02/06/2004 12:00AM

Another landmark bites dust

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January has been an unkind month for two Las Vegas casino landmarks. First, Binion's Horseshoe downtown was closed Jan. 9. Now the Castaways, formerly the Showboat, was closed Jan. 29.

The two casinos are among the oldest in Las Vegas. Binion's opened in 1952, and the Showboat in 1954.

In a town where newer is considered better, the age of the two casinos did not earn respect.

The Castaways was closed after its biggest creditor, Vestin Mortgage, foreclosed on the property to collect its note, which exceeded $22 million. The closure put more than 800 people out of work.

Just four days later, on Feb. 2, the Showboat's 23-acre property, located at the intersection of Fremont St. and Boulder Highway, was auctioned off. Vestin made the lone bid, $20.7 million, leading to speculation that it will sell off the property for development.

Industry experts pointed to two reasons for the demise of the Castaways. The first reason was the high cost to operate due to expensive union contracts. Most local operators, such as Station Casinos, Boyd Gaming, and Arizona Charlie's, do not have Culinary Union contracts.

The second reason was the Castaways was on an isolated location on the east side of town. When newer casinos like Boulder Station, Sam's Town, and Arizona Charlie's were built to the south on Boulder Highway, local customers migrated there.

Others point out that when the property changed its name from the Showboat to Castaways in the spring of 2001, the casino lost its identity. Harrah's, which briefly owned the Showboat in Las Vegas, attached the brand name to its Atlantic City casino, and it continues to do well.

The name Castaways was chosen because it used to be a well-known Las Vegas Strip casino owned by Howard Hughes. The old Castaways was located where the Mirage and Treasure Island now stand.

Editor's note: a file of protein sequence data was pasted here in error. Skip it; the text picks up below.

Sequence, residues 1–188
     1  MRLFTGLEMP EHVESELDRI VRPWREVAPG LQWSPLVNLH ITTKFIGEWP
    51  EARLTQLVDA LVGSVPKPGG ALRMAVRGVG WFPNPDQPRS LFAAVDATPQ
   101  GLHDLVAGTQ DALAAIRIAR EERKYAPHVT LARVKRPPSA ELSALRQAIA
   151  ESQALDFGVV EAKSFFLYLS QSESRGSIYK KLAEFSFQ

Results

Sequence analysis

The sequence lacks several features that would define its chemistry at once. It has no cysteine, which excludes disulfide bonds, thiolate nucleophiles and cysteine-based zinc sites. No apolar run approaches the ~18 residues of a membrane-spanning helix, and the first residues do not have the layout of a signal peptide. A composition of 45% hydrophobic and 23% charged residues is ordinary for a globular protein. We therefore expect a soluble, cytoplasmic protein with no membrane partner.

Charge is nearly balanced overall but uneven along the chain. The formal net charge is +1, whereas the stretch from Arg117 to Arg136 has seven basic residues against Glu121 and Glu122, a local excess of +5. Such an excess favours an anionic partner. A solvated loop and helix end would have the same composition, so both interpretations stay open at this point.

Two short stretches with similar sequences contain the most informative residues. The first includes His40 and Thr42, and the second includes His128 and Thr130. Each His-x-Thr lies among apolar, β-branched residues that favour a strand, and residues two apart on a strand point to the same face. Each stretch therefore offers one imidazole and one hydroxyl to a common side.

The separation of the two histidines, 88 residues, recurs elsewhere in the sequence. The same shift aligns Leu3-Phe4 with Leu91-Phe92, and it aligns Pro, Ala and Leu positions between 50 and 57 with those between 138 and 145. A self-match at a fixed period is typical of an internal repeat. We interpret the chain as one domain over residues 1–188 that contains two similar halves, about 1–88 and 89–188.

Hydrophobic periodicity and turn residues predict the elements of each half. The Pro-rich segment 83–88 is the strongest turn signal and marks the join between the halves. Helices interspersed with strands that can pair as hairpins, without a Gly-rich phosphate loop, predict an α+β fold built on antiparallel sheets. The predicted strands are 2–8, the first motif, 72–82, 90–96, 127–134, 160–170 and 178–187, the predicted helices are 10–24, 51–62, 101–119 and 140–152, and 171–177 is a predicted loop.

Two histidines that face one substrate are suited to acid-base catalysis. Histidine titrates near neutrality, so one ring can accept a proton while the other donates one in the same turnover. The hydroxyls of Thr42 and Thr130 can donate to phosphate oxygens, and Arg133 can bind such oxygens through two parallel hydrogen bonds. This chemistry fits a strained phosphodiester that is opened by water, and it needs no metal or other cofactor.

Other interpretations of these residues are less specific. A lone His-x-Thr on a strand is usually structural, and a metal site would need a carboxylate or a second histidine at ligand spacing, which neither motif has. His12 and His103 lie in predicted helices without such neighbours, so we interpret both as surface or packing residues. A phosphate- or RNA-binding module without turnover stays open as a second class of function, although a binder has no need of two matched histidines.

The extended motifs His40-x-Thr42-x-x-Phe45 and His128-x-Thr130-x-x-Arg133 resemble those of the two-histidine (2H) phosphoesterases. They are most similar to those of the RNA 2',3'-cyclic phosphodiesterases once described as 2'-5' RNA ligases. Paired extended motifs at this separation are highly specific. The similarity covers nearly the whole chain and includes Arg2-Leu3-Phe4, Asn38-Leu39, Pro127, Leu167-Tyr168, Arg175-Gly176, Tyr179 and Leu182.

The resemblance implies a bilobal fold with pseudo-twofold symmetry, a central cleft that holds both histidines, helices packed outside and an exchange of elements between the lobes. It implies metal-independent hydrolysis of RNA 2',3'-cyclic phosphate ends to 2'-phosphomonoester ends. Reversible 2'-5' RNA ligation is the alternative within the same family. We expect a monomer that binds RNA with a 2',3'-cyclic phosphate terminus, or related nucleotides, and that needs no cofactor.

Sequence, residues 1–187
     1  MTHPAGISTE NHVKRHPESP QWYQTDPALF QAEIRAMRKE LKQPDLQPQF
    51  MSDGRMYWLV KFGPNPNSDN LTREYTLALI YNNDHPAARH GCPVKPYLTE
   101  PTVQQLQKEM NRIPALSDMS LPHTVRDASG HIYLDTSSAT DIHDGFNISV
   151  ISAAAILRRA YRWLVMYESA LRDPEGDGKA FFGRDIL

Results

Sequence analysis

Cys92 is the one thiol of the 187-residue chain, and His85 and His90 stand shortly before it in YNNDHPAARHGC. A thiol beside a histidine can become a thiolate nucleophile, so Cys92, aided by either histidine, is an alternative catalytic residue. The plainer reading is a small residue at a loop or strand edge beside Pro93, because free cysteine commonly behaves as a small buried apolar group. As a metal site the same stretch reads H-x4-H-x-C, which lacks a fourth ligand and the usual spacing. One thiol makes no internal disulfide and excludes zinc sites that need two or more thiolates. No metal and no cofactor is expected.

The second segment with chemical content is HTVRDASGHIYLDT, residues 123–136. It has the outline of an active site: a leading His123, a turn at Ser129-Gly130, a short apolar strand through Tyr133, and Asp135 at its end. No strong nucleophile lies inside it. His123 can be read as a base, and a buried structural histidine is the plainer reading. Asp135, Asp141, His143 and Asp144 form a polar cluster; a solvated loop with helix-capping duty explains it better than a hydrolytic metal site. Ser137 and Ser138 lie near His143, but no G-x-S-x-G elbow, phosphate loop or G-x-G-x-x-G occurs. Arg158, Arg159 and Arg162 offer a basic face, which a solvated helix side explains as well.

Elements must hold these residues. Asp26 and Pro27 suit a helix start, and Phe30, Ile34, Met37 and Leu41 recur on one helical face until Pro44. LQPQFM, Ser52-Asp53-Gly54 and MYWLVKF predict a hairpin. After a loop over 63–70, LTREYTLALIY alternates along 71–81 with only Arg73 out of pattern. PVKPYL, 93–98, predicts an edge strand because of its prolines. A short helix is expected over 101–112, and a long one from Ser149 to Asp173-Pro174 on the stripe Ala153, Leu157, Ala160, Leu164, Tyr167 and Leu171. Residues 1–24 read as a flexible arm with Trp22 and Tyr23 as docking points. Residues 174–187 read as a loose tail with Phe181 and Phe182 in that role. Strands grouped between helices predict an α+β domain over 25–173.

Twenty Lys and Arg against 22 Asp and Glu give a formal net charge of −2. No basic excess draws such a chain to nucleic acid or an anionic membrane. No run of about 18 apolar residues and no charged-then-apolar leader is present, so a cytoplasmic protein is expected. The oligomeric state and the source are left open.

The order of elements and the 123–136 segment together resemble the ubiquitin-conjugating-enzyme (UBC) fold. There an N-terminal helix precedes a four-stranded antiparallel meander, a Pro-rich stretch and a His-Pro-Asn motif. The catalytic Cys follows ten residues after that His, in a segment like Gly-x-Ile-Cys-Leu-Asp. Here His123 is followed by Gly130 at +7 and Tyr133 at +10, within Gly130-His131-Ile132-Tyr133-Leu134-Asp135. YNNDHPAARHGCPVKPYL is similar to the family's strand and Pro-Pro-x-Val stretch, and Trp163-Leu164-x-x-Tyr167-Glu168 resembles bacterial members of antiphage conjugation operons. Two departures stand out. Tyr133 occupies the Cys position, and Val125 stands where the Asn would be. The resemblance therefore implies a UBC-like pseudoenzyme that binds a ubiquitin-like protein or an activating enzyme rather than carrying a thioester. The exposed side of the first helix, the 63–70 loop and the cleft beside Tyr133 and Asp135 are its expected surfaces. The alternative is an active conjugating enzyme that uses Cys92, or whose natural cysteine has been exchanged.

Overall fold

Many out-of-town visitors used to flock to the old Showboat because of two sports they saw on television, bowling and boxing.

In 1959, the Professional Bowlers Association was formed in a meeting at the Showboat. The first PBA tour consisted of three events, in Albany, N.Y., Paramus, N.J., and Dayton, Ohio. In 1962, the Showboat Invitational was started, and the PBA has returned to Las Vegas ever since.

For years, the Showboat Invitational was a televised event on ABC Sports. When the bowling center was expanded to 106 lanes, lanes 51 and 52 became the "TV lanes" and the ones most visitors wanted to bowl on.

The Showboat also had a large pavilion that used to host some of the biggest names in boxing, like Alexis Arguello, Bobby Chacon, and Wilfred Benitez. It was a fight card venue where local boxers and up-and-coming talent could gain experience and notoriety. Eventually, the pavilion was converted into a 1,200-seat bingo parlor.

Times change, but it is sad to witness the demise of historic places like Binion's Horseshoe and the old Showboat. They both represented the way Las Vegas used to be.

Richard Eng is the turf editor for the Las Vegas Review-Journal and host of the Race Day Las Vegas Wrap Up Radio Show.